But mostly his grade is incomplete. He's demonstrated some ability to learn from mistakes, let's hope that continues.

blovy8 said...

LaRoche is the best hitter on the team this year, does that make him the #2 hitter? How big a sample of futility do you need before you can change the lineup? How many guys care about where they bat? How much does the opposing starting pitcher's style matter? How much do platoon splits matter? How much do ballpark factors matter? How much does the weather matter? How much does a consistent lineup matter? How much do recent batting trends matter? How much do minor injuries matter? How much do swing issues matter? How much does a player getting days off matter? How much does travel matter? How much does how much the guy partied the night before matter? How much do team rules matter? How much does keeping your bench players useful matter? How much does keeping the most guys on the team happy matter? How much does keeping the clubhouse leaders on the team happy matter? How much does defense matter? How much does late-inning defense matter vs. another possible at-bat? How much does baserunning matter vs. another possible at-bat? How much does splitting your left-handed hitters to avoid easy loogy situations matter? How much does a minor leaguer have to do to win a job from a particular player? How much should a manager worry about guys not wanting to leadoff who could like Werth, or who are perhaps better suited for the roles they are in like Rendon at #2 and LaRoche at #4 currently? How much of it are pat answers given just to move on to the next issue? How long can a manager stick with the pitcher in the 8th spot? How many teams are using 4 man rotations to optimize their best starters? How many teams resist using their best RH reliever as a closer?

If Werth has a .280 OBP when they force him to bat leadoff, and the club falls under .500, was it still the proper decision?

This stuff isn't going away because fans will always think they can do better, regardless of the fact that we have no actual information about what goes on in the clubhouse, only the numbers and what's filtered out as stories through the media. The sample size for any statistical conclusion based on some pretty variable stuff seems fairly random to me. That's part of the allure, of course, or we'd be watching robots.

JWLumley said...

@John C and Blovy8 - Sure some statistical analysis like that for pitching, defense, baserunning, pitch-framing and managing still has room for improvement and is less than perfect. Statistical analysis of hitters, is pretty spot on as it pertains to the value of past performance. Maybe it's predictive value has a way to go, but it always will. Some of it definitely is random, but that's what the analysis tells us that up to certain point you have more randomness, the more data you have the less randomness you get. If you consistently trot out a sub-opitmal lineup you increase the likelihood that you will get sub-optimal results until it reaches certainty.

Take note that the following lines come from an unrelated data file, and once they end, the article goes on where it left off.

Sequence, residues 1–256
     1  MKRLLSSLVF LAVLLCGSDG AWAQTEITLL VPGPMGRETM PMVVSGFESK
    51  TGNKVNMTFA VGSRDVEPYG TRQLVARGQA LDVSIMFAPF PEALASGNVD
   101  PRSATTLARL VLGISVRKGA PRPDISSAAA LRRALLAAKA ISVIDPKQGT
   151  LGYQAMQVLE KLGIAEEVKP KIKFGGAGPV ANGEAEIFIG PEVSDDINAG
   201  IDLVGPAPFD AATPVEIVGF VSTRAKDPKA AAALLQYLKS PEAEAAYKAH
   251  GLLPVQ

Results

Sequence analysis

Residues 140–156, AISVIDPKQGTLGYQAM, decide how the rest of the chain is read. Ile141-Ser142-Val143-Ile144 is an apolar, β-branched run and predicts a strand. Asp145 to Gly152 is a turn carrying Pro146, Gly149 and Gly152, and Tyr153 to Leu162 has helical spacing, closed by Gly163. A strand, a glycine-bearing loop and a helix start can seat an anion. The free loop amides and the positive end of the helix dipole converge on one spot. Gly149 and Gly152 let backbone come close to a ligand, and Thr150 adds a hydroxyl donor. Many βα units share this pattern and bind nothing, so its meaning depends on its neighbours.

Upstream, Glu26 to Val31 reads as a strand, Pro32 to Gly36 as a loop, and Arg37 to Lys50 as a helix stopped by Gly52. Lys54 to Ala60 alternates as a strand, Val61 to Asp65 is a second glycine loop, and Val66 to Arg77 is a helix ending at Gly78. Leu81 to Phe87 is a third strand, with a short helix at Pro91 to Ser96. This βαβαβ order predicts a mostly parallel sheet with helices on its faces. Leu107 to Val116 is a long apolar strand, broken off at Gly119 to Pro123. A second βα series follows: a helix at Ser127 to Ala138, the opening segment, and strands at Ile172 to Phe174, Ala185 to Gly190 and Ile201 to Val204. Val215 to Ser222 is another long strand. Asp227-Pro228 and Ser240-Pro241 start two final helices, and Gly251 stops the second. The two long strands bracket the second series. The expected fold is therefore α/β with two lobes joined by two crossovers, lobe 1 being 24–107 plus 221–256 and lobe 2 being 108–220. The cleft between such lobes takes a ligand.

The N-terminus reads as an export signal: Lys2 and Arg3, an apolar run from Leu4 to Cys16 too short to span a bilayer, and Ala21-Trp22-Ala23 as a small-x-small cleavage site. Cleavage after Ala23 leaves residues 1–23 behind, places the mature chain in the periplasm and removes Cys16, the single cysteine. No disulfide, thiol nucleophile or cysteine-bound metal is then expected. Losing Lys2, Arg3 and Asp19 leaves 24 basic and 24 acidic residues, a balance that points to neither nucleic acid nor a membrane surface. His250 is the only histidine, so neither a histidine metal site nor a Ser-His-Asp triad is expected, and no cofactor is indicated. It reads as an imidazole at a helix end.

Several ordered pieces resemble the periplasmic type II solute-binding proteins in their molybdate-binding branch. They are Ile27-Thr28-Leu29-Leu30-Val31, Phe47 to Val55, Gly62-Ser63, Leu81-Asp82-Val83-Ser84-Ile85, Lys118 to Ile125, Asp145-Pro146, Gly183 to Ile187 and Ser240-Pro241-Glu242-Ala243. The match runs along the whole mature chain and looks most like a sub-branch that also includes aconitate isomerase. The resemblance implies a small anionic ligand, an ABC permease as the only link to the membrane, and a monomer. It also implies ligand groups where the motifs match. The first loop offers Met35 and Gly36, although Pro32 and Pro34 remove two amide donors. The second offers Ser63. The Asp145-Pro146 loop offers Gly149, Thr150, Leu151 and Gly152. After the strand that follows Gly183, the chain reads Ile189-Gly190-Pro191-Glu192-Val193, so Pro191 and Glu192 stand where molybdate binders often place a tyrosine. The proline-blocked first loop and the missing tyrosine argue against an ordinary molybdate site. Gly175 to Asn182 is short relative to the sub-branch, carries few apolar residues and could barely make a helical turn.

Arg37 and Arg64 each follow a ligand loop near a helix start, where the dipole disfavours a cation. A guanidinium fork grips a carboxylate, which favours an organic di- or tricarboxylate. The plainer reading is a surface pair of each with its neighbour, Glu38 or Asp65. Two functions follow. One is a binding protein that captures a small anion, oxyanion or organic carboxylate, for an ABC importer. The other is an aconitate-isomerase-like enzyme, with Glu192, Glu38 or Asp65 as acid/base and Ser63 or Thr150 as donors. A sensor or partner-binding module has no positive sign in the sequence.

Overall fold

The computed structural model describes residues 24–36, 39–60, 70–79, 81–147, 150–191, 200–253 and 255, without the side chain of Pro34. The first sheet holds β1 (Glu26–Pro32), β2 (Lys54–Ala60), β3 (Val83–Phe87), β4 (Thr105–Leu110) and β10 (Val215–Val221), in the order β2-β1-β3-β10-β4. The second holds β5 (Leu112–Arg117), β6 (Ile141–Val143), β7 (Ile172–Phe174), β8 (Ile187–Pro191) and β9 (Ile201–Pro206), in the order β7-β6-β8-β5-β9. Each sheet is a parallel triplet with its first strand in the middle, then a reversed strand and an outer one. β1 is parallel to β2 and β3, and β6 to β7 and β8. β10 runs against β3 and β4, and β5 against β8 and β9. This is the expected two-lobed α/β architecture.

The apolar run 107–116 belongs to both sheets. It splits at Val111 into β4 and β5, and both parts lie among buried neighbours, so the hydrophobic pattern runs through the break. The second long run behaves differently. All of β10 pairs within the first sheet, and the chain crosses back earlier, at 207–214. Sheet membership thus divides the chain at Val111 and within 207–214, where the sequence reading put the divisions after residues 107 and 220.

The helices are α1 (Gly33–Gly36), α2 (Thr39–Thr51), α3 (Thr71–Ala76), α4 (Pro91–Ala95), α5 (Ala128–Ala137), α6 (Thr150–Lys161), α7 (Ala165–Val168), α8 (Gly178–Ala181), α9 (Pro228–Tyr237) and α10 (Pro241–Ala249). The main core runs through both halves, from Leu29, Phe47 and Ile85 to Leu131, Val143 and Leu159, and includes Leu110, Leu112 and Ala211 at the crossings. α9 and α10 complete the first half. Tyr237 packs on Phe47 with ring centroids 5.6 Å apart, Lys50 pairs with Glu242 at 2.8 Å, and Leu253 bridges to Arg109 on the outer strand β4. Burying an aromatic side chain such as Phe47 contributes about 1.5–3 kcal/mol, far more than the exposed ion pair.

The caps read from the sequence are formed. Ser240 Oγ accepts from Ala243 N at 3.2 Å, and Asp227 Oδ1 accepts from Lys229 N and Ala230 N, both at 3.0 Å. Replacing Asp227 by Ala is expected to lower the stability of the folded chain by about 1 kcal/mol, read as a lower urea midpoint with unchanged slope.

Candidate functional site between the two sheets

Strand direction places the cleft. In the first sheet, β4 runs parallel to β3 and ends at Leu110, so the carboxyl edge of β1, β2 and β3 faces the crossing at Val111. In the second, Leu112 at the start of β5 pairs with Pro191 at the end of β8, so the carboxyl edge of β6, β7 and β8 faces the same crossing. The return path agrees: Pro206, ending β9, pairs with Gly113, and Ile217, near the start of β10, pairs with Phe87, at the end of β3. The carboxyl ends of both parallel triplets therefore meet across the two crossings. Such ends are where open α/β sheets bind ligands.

As for the bullpen's performance as proof that he's managing them well, this is a talented group that is pitching like a talented group. That being said, Ross Detwiler and Jerry Blevins, whose use has been more erratic than perhaps any two pitchers in the Nats bullpen don't seem to be faring so well over the course of the season.

Thus far, I would give Matt Williams an F-. He has a relatively easy managerial job because he has a great staff and phenomenal bullpen (most difficult part of managing). He also has a relatively good group of players who put their heads down and work hard. As for all the conjecture on the part of fans about what goes on in the clubhouse, we don't know everything, but that doesn't mean we don't know anything either. We know--based on multiple comments--that Matt Williams doesn't communicate with Bryce Harper in a way that Harper finds effective. Whether that be his comment about finding things out on Twitter or his different account of his "talk" with Matt Williams after being benched. We know that Matt Williams chose to make an example out of Harper to the media for not hustling during a time that we also know that Harper had a strained quad and the flu. We know that Keith Law who is not at all known for sensationalism or tabloid style journalism reported, based on sources, that there was a significant rift between Matt Williams and Bryce Harper. We also know from KLaw and Dave Schoenfield that there is a growing sentiment within baseball circles that Matt Williams is in over his head. We know that Matt Williams claims to pattern himself after Kurt Gibson and Dusty Baker, two managers whose methods have been widely questioned and criticized and neither of whom have ever won a World Series, even though Baker had multiple teams with Chicago and San Francisco who certainly had enough talent to do so. Both managers are somewhat notorious for their issues and spats with young players. For example, how many issues has Justin Upton had with Fredi Gonzalez? And that's just some of what we know. You can claim it's all conjecture on the part of fans who think they could do better, but I know too much to agree with that.